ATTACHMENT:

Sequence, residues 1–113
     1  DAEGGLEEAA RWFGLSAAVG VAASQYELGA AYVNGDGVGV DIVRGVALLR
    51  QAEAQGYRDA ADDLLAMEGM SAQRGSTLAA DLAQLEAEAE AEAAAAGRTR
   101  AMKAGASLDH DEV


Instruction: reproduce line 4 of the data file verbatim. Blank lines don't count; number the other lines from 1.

   101  AMKAGASLDH DEV